Sprinter who refused team’s orders to go home early arrived in Warsaw via Vienna after Poland granted her a visa.
Belarusian Olympian Krystsina Tsimanouskaya has said she showed the police in Tokyo a translated plea for help on her phone as she sought to avoid being forced on a plane back home amid fears for her safety.
The 24-year-old sprinter refused to board a flight headed for Minsk via Istanbul on Sunday after being hustled to the Japanese capital’s Haneda airport against her wishes because she had publicly criticised her Olympic team’s management.
After seeking protection from the Japanese police, she flew to Poland instead of Belarus on Wednesday.
On Friday, the International Olympics Committee (IOC) said Belarus athletics head coach Yuri Moisevich and team official Artur Shumak, who were involved in attempting to send Tsimanouskaya home against her wishes had had their Games accreditation revoked and been removed from the athletes’ village.
“In the interest of the wellbeing of the athletes of the National Olympic Committee of Belarus who are still in Tokyo and as a provisional measure, the IOC cancelled and removed last night the accreditations of the two coaches, Mr A Shumak and Mr Y Moisevich,” the IOC said in a statement.
“The two coaches were requested to leave the Olympic Village immediately and have done so. They will be offered an opportunity to be heard.”
The IOC launched disciplinary proceedings against the officials two days ago over their role in Tsimanouskaya’s refusal to return to Belarus, a case reminiscent of athletes’ defections during the Cold War.
Describing her ordeal publicly for the first time, the athlete told Reuters news agency on Thursday that her family feared she would be sent to a psychiatric ward if she went back to Belarus, and that her grandmother had called her to tell her not to return.
“Grandmother called me when they were already driving me to the airport,” Tsimanouskaya said. “I had some 10 seconds. She called me, all that she told me was, ‘Please do not come back to Belarus, it’s not safe.'”
Poland, which has long been critical of Belarusian President Alexander Lukashenko and has given refuge to many activists from Belarus, has granted Tsimanouskaya and her husband humanitarian visas.
‘I am not afraid’
Sunday’s standoff began after Tsimanouskaya publicly complained that she had been registered by her coaches to participate in a race she had never competed in: the 4×400 metres relay.
She said she was then barred from competing in the 200 metres scheduled to take place on Monday and withdrawn from the Tokyo Games altogether by her team’s officials.
Tsimanouskaya said she had told her coach on Sunday that she was ready to run in the 200 metres, but he then went to make a call.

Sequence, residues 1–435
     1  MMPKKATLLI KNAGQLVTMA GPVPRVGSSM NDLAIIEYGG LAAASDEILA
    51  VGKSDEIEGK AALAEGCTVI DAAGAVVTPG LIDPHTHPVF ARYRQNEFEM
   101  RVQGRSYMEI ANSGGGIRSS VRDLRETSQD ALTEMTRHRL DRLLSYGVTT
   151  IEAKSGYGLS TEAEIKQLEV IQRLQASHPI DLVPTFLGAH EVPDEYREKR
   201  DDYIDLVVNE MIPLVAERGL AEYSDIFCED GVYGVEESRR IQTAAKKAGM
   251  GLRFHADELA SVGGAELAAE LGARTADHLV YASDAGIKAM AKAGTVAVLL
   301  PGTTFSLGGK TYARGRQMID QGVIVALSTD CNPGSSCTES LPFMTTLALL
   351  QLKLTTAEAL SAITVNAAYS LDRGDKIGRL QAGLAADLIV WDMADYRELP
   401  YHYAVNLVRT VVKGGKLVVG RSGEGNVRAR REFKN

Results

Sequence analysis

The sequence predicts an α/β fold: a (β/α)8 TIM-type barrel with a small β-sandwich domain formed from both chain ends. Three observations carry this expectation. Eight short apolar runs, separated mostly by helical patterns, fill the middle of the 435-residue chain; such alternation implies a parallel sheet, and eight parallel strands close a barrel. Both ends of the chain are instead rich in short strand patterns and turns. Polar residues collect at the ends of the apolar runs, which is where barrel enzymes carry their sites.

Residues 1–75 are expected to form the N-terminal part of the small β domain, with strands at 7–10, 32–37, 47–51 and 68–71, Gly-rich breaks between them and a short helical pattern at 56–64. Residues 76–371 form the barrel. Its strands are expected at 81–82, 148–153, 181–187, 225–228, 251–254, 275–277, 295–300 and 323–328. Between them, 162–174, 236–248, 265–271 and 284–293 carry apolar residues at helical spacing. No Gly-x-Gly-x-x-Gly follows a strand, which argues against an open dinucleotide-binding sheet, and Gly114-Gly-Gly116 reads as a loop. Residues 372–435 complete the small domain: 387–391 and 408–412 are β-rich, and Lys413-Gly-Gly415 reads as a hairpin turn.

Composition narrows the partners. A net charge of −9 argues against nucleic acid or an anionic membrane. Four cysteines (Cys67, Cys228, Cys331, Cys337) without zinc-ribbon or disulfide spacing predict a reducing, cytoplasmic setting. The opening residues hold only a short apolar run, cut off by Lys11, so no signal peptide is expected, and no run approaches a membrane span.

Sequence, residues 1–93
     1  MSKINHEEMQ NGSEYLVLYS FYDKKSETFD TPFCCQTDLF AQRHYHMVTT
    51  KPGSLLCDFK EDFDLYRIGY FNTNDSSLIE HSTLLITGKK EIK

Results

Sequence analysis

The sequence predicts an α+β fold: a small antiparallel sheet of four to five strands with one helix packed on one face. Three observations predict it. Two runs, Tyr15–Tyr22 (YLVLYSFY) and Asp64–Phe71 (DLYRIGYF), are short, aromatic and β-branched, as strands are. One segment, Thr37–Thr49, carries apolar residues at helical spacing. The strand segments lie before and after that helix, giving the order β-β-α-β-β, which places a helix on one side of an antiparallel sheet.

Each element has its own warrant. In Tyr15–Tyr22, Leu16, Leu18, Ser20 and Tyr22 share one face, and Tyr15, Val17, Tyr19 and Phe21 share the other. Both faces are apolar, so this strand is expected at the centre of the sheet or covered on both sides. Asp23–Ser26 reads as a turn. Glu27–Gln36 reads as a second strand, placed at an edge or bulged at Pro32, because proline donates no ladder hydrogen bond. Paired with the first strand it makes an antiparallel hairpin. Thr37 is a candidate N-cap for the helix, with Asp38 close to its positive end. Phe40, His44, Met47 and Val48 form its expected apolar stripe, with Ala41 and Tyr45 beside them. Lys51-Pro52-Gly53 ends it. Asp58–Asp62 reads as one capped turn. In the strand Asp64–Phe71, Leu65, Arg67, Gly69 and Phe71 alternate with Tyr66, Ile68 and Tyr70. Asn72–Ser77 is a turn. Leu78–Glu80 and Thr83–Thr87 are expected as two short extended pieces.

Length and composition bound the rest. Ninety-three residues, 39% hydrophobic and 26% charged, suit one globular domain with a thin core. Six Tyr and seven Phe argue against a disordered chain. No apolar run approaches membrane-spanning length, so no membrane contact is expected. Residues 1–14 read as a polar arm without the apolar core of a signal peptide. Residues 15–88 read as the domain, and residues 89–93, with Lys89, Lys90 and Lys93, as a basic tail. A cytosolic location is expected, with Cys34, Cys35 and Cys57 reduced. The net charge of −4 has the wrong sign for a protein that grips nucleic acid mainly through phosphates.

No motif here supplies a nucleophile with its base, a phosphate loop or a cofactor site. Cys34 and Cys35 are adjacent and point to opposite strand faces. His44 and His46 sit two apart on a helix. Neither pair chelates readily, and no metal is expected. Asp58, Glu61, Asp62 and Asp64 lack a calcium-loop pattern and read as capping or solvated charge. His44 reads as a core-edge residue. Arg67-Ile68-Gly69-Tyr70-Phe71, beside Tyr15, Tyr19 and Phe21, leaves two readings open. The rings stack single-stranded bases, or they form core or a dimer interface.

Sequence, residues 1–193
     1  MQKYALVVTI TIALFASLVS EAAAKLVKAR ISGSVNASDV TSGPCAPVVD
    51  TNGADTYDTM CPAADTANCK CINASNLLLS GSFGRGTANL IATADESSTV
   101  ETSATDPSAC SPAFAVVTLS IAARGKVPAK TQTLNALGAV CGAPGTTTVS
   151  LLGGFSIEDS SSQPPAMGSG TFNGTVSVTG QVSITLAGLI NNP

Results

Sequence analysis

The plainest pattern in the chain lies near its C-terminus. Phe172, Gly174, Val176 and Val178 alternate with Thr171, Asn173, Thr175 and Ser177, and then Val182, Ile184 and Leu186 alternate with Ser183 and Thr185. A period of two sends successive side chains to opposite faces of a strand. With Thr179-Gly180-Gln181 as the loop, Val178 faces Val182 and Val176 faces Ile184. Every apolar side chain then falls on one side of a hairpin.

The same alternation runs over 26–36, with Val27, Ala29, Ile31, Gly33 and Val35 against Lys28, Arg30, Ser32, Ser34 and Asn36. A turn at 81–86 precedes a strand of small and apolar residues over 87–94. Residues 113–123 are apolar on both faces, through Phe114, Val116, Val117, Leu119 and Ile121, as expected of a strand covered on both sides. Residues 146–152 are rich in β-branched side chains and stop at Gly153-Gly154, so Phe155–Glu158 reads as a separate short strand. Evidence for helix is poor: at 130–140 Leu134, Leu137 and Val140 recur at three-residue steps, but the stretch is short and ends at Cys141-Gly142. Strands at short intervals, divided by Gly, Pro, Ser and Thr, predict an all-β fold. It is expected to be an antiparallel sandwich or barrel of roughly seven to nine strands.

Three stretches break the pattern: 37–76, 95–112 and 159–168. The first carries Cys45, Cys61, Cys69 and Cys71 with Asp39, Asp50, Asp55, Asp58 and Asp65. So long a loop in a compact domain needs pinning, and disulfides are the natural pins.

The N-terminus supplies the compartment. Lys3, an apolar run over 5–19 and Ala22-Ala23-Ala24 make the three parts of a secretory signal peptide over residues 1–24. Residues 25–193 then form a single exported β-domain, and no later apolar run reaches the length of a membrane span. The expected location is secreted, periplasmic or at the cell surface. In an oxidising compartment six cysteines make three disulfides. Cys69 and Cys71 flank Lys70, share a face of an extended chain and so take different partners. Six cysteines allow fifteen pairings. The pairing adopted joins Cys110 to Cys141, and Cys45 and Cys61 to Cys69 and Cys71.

“And in [a] couple of hours the head coach came to me with the team representative and they said there was a decision made to send me home, we are not the ones who made the decision, we are only executing it. You have 40 minutes. You have to pack your things and go to the airport,” she added.
The decision, she added, came from “high up”.
The Belarus National Olympic Committee had said coaches withdrew Tsimanouskaya from the games on doctors’ advice about her emotional and psychological state.
At the airport in Tokyo, the coaches were taken by surprise, the athlete said.
“They did not expect that in the airport I can approach the police. They think that we are scared to make a move, that we are afraid to speak, afraid to tell the truth to the whole world. But I am not afraid,” Tsimanouskaya said.
Before going to Tokyo, Tsimanouskaya was not among the few Belarusian Olympians who publicly voiced support for the opposition to Lukashenko, who is under Western sanctions after a crackdown on opponents since last year.
Opposition figures have been prosecuted, jailed or fled since mass protests against his rule erupted following an August 2020 election that handed Lukashenko a sixth presidential term, but observers and Belarus’s political opposition denounced it as rigged.
“I have always been far from politics, I didn’t sign any letters or go to any protests, I didn’t say anything against the Belarusian government,” Tsimanouskaya said.
“It may sound cruel because of all the terrible things that happened in Belarus last summer but I was trying to keep away from it … all I have wanted is to go to the Olympics and do my best,” she said.
Sports play a high-profile role in Belarusian politics under Lukashenko, who headed the Belarus Olympic Committee until he was replaced by his son this year.
Tsimanouskaya said she hoped to be able to continue her sporting career in the future and eventually return to Belarus.
“I love my country. I did not betray it,” she said.